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ADAPT’s “die in” last week at McConnell’s office was specifically in response to the GOP’s proposed cuts to Medicaid, which will likely reduce access to health-care services as well as home- and community-based services for millions of people in the United States. Notably, this protest fell on the 18th anniversary of the Olmstead v. L.C. decision, where the Supreme Court held that people with disabilities have a right to live in the community and that unnecessary segregation, such as in nursing homes and institutions, violates the Americans with Disabilities Act.

Coverage of last week’s protest spread like wildfire across mainstream media. Headlines such as “Police drag away protesters in wheelchairs from Mitch McConnell’s office” and “Disability advocates arrested during health care protest at McConnell’s office” rapidly appeared on the front pages of hundreds of websites and newspapers, along with photos of people who use wheelchairs being arrested. Cable news stations also covered the protest.

Shortly after this news began to break, however, I began seeing messages on Twitter questioning whether people with disabilities had the mental capacity to choose to protest. Some people remarked that Democrats forced people with disabilities to protest. Notably, one Fox News contributor tweeted, “Protestors [sic] in Capitol also appear to be very fast readers,” suggesting that they had not read the bill and did not know why they were protesting. Others questioned whether the protesters actually had disabilities.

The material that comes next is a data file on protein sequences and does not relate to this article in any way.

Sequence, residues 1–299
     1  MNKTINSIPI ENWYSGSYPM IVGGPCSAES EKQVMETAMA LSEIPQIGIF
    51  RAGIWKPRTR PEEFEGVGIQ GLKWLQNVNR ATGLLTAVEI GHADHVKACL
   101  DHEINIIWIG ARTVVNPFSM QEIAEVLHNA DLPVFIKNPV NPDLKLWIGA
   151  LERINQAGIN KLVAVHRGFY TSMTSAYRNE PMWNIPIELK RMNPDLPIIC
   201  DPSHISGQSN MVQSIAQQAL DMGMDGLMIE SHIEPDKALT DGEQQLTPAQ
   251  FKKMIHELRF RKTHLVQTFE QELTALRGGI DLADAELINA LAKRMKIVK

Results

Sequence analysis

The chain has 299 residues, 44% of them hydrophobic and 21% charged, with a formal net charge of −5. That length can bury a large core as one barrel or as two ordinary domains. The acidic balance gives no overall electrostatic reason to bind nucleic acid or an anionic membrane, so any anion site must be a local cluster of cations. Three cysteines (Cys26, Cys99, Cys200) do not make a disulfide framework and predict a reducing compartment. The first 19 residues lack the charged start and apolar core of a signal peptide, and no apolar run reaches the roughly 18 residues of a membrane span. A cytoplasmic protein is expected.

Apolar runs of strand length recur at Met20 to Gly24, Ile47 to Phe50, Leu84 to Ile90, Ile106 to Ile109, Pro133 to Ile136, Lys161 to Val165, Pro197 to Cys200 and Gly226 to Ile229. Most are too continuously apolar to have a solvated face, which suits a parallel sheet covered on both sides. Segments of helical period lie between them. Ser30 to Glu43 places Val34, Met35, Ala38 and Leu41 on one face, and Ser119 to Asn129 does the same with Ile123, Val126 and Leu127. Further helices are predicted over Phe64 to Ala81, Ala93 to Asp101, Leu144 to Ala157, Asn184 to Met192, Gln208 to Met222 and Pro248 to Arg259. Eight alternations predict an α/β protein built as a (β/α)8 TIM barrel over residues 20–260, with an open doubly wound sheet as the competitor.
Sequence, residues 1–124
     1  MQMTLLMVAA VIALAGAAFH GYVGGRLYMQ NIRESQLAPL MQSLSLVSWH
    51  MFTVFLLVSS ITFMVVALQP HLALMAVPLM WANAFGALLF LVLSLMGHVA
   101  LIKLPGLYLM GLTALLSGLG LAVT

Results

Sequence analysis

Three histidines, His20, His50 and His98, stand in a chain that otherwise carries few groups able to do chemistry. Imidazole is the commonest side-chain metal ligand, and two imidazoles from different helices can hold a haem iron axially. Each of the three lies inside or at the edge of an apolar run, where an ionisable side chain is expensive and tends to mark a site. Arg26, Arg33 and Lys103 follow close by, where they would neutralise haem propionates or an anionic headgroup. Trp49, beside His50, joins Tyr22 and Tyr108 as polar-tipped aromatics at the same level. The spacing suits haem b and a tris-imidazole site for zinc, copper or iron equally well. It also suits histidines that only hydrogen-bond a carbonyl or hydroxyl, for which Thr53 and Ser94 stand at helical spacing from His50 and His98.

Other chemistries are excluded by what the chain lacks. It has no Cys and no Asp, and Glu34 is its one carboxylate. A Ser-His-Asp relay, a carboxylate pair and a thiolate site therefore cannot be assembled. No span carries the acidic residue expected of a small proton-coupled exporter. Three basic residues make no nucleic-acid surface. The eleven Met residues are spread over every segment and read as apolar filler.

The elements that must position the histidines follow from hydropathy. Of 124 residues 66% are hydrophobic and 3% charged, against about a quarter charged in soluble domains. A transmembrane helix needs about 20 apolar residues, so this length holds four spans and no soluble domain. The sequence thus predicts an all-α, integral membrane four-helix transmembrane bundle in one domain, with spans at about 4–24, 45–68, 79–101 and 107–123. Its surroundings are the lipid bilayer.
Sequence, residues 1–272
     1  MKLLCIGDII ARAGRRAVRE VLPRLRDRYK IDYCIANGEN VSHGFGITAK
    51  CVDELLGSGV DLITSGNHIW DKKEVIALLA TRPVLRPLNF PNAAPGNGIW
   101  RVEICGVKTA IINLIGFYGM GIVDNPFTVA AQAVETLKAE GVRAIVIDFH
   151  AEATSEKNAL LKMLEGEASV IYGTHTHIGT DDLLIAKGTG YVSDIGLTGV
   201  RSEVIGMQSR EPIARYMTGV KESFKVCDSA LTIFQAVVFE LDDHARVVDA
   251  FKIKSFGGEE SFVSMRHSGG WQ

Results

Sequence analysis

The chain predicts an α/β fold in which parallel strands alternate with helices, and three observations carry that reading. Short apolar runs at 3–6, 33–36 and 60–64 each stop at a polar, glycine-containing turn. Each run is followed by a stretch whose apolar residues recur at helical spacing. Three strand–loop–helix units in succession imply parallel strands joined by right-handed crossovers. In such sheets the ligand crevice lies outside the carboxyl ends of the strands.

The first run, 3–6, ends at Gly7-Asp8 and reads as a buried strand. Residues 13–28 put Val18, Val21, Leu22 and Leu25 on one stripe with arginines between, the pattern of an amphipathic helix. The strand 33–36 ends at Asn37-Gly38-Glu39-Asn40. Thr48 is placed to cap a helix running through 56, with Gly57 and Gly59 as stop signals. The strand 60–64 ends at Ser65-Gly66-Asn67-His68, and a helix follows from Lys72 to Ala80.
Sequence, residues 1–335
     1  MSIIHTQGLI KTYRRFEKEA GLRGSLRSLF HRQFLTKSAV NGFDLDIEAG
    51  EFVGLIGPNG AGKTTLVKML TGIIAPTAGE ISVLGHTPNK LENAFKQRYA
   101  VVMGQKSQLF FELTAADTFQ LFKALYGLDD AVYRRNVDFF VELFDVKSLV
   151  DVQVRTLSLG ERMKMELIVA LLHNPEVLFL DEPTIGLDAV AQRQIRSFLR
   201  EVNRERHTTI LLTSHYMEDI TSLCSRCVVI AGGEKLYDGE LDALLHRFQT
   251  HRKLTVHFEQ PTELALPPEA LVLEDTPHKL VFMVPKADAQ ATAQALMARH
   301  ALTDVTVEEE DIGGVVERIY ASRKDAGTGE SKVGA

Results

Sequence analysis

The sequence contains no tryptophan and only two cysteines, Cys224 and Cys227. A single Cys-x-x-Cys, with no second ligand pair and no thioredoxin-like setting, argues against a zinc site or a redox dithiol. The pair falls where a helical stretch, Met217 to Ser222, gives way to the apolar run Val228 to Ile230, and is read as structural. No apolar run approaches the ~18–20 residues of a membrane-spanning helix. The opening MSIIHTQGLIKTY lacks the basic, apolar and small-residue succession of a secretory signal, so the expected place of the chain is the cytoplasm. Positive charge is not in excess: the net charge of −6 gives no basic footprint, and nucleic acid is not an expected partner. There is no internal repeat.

This questioning of the protesters’ competence is offensive. As leaders of ADAPT explained to ABC News, this action was planned well in advance. The protesters were at the Capitol because of their fears and outrage concerning the proposed draconian cuts to Medicaid: The House health-care bill included such drastic changes, and ADAPT correctly guessed the Senate bill would be similar.

For most of the protesters, this was not their first direct action. The fact that it occurred on the same day the GOP Senate health-care bill was released was a wonderful, but unplanned, coincidence—although the group knew the bill was being released last week, no one (including most Republicans) knew exactly when. No one had forced them to be there. And yes, people who were in wheelchairs at the protest are indeed wheelchair users, not paid actors.